During the 1950s and 60s they came dressed up to the ballpark. Men often wore suits and ties and the women dresses. Now I’m not proposing a return to that old dress code, but I would like to hear a lot less abusive language. I hear the expression “You fuckin’ asshole” at Yankee Stadium so often that for a while there I swore it was a new chant that the team was encouraging.
And remember those New York Jets fans years ago heckling women as they were coming down the escalators at Gate D in MetLife Stadium in 2007 and asking them to reveal the body parts that most attracted them. It didn’t matter to these galoots that the women were with their children. Not to worry. It took the Jets just a few weeks to put a stop to that boorish behavior.
Whether we’re talking players or fans, sportsmanship has vanished in America faster than three Papa John’s pizzas at Rex Ryan’s house.
I’ve just resigned myself to the fact that it’s all about a new-found attitude. You know: My team’s better than your team, so go screw yourself.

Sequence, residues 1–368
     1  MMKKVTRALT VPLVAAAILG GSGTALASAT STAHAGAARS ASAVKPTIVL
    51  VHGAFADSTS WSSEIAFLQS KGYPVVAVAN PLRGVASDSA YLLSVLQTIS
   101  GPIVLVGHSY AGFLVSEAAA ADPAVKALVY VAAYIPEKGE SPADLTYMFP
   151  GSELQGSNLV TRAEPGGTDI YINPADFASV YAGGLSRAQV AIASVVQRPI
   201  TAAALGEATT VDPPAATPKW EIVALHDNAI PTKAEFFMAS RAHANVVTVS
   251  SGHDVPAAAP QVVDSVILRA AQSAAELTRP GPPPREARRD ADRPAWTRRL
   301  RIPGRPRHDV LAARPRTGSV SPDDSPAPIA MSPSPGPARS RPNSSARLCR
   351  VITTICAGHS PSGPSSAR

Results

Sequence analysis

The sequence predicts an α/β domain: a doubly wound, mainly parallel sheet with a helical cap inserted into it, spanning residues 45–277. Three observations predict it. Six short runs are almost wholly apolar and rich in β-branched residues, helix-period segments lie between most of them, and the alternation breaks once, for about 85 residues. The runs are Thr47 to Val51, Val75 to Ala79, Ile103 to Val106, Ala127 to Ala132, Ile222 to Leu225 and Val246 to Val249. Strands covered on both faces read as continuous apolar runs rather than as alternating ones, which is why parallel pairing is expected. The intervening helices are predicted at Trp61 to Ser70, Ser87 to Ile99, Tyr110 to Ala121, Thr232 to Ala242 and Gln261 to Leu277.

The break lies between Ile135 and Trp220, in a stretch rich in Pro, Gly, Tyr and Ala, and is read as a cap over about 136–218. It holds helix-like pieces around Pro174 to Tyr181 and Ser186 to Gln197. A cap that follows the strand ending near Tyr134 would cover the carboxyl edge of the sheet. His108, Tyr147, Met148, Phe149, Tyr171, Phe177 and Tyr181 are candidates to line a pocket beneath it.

By JOSEPH TINTLE
As a kid I often read sprawled across my bed on summer evenings, anything from Jack and the Beanstalk, to astronomy, to the encyclopedia, to sports. I’d fill my head with all sorts of facts and figures, anecdotes, oddball characters, inventors, murderers, whatever caught my fancy. By age 10, I thought I was a pretty good reader.
Then I met Andy Mullally.
Andy was the husband of my third-grade teacher, Camille Mullally, who I have written about on this blog. Andy and my father, Carmel, were good friends and each liked to read. They’d tackle all sorts of subjects but in the end, I’d give Andy the edge as the greater reader — by far. And so did my father.
In 1962, our family was over Andy’s house and he turned to my dad and me and said, “Want to see my book collection?” He had a glint in his eye and I could tell something was up.
Upstairs we went and when he opened the door to one of the bedrooms all I could see was title after title after title. But I had to turn my head sideways because the books did not rest on bookshelves. Instead Andy carefully piled them one on top of the other. Each time he read a book, he’d bring it to the bedroom and gently place it on top of whatever stack was currently building. He stopped when that stack reached the 12-foot ceiling. Then he’d start another stack and stop at 12 feet. This went on for years in that 15-by-12 foot room.